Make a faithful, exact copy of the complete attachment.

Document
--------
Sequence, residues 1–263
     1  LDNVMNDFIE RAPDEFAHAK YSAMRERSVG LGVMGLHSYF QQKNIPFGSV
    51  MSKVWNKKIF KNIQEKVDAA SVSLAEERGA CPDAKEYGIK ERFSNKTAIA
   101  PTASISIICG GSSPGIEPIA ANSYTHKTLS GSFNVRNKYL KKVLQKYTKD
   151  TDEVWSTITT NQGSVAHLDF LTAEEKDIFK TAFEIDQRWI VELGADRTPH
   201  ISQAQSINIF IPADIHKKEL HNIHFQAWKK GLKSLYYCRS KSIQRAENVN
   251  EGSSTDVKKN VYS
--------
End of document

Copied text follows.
Sequence, residues 1–263
     1  LDNVMNDFIE RAPDEFAHAK YSAMRERSVG LGVMGLHSYF QQKNIPFGSV
    51  MSKVWNKKIF KNIQEKVDAA SVSLAEERGA CPDAKEYGIK ERFSNKTAIA
   101  PTASISIICG GSSPGIEPIA ANSYTHKTLS GSFNVRNKYL KKVLQKYTKD
   151  TDEVWSTITT NQGSVAHLDF LTAEEKDIFK TAFEIDQRWI VELGADRTPH
   201  ISQAQSINIF IPADIHKKEL HNIHFQAWKK GLKSLYYCRS KSIQRAENVN
   251  EGSSTDVKKN VYS